Home / Mutual Funds / News /  Short-term debt funds find themselves in a sweet spot

Investors looking for cues from the Reserve Bank of India’s (RBI) credit policy on what they can expect for their debt portfolios got some good news and some not so good news.

Those wanting to park their money for very short investment horizons in liquid and money market mutual fund schemes are likely to see some fall in returns as interest rates on debt instruments in which these funds invest, such as commercial papers and certificates of deposit, decline in response to policy rates. This impact may be seen on returns going ahead as funds make new investments at lower coupon rates. In the immediate future, the impact on returns will be less noticeable as tight liquidity in the March quarter is likely to keep interest rates high on these instruments and returns are likely to remain at current levels.

Investors in mutual fund products such as low- and short-duration funds are in a sweet spot since these funds are likely to benefit the most from the rate cut. While a reduction in interest rates will bring down the interest income earned by the fund when it invests in new bonds with lower coupon interest, this is made up for by capital gains from an increase in the price of the existing bonds in the portfolio. This is because the old bonds with higher coupon rates will now be more valuable than new bonds that will be issued at lower prevalent rates. The interest income the fund earns is boosted by the capital gains, thus increasing the total returns from the fund.

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“Fixed income will cheer the rate cut accompanied with change in stance from calibrated tightening to neutral. This would keep the door open for one more rate cut in the future. Moreover, liquidity conditions are also expected to improve into the next quarter. These factors augur well for short end rates to remain stable. Hence, we recommend exposures in funds operating in 1-3-year segment," said Saurabh Bhatia, vice-president and fund manager, fixed income, DSP Investment Managers.

But these benefits are unlikely to transmit to longer-term bond funds. This is because despite the rate cut, long-term interest rates are likely to remain high as a result of the large borrowing program of the government to finance the high fiscal deficit. “There are worries about G-sec supply being quite large in the next year and the total volume of RBI open market operations being less," said R. Siva Kumar, head, fixed income, Axis Asset Management Co. Ltd. Just as lower interest rates result in capital gains for existing bonds, interest rates going up will result in capital loss for the existing bonds with lower coupon rates as they become less valuable. The capital loss eats into interest income earned by the fund, reducing the total returns.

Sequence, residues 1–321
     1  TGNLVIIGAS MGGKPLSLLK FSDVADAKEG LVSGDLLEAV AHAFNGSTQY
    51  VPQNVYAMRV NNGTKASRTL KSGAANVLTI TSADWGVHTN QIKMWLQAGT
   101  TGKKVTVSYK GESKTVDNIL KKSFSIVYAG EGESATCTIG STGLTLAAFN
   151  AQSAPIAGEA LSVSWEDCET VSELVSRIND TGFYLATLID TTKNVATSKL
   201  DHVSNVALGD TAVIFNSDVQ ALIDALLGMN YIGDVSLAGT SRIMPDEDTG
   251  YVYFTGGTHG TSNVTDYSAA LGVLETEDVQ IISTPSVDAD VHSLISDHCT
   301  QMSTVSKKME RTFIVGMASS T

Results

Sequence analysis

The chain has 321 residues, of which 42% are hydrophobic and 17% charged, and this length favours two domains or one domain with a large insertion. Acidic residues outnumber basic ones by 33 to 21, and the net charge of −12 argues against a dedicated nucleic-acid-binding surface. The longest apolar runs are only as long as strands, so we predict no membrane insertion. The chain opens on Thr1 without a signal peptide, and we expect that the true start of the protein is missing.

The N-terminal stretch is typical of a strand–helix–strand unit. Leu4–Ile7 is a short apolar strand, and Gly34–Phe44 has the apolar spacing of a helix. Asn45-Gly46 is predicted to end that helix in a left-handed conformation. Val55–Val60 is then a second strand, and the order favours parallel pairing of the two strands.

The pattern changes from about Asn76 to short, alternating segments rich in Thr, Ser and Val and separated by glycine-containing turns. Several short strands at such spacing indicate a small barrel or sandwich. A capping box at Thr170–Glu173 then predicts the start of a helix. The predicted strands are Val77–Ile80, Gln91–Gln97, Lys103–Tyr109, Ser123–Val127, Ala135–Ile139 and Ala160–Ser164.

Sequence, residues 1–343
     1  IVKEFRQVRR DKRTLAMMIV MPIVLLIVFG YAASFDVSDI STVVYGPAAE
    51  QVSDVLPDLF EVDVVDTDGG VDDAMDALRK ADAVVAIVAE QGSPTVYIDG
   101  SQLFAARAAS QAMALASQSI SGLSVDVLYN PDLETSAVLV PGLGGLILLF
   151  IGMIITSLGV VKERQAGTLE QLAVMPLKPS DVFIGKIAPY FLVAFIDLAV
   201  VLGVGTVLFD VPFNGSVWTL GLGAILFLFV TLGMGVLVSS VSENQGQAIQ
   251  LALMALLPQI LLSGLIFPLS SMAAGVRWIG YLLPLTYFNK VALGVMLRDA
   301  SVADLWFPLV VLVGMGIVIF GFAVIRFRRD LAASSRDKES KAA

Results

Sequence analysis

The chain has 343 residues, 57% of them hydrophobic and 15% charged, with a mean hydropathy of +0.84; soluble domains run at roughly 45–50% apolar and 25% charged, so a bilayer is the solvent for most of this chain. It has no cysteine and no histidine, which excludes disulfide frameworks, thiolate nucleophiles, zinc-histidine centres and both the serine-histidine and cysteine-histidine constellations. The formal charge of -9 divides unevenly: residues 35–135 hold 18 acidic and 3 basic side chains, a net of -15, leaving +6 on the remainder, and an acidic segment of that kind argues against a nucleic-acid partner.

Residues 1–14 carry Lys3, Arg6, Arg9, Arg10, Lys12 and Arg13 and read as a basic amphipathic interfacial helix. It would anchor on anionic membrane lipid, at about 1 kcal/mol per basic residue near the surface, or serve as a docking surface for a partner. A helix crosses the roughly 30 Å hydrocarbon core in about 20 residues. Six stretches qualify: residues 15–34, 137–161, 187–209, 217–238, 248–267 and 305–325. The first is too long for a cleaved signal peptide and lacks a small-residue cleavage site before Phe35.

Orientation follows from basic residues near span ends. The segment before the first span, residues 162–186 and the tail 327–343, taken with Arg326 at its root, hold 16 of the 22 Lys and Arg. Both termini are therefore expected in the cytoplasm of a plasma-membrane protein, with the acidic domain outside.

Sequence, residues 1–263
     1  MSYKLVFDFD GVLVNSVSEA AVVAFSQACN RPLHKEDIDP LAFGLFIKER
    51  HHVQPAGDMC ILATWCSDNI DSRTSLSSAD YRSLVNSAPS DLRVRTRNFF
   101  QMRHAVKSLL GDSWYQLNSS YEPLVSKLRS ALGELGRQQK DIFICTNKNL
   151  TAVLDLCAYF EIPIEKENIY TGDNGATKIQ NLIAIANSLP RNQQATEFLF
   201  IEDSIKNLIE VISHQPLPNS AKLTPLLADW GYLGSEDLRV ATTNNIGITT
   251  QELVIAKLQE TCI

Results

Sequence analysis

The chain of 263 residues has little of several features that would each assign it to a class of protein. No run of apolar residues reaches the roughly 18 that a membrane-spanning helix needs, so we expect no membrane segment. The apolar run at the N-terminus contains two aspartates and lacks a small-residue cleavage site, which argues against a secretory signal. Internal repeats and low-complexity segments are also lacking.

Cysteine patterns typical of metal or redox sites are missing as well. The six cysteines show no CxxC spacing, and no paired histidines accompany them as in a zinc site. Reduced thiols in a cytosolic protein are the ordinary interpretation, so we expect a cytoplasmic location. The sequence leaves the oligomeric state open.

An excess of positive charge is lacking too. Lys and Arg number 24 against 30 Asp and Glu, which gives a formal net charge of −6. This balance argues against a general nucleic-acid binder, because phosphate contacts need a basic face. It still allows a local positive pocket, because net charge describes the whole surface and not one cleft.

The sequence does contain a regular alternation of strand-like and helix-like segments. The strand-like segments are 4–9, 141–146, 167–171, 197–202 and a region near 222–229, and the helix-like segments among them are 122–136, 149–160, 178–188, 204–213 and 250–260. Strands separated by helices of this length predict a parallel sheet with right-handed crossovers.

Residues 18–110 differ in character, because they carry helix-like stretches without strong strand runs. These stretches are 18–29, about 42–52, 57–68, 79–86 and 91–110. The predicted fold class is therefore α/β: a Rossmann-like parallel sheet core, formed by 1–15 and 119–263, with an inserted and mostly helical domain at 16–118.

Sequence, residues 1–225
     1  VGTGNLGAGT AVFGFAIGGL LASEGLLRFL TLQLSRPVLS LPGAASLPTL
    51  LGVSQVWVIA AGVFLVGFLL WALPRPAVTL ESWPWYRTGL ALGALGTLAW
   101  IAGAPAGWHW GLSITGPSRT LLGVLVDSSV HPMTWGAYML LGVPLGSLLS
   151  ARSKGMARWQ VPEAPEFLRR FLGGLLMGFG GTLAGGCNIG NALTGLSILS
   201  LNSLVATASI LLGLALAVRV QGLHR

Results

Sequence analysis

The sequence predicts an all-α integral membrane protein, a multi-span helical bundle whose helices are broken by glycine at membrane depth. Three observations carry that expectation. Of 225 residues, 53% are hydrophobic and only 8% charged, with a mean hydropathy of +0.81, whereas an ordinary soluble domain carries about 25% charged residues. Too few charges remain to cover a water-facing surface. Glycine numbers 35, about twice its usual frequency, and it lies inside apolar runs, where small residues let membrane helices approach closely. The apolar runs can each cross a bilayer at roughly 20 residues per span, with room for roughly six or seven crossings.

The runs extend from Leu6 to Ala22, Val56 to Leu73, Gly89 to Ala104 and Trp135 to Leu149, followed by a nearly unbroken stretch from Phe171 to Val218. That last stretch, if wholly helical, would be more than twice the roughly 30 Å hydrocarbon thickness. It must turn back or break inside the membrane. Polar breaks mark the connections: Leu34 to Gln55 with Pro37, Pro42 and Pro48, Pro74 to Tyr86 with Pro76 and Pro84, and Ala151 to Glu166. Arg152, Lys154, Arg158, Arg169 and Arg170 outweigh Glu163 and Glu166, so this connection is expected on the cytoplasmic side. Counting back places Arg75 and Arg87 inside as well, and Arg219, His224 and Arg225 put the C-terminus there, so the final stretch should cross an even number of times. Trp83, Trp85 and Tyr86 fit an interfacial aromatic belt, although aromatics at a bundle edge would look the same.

Should investors see the credit policy as signaling a period of lower rates going forward? Not yet, say experts pointing to the steep government borrowing and other structural issues that first need to be addressed.

What you should do

Mutual fund investors should stay with funds with shorter investment horizons such as low- and short-duration funds that are likely to benefit the most from the current rate cut and any cuts in the future. Liquid funds will continue to serve the purpose of being a low-volatile vehicle to park funds for very short periods.

Investors looking for the safety and predictability of fixed returns should look at small savings schemes that seem attractively positioned on the returns scale. If the G-sec yields go up as expected, given large government borrowing, these schemes whose returns are pegged to G-sec yields will also see an increase. As inflation comes down, higher real returns from these schemes will make them more attractive.

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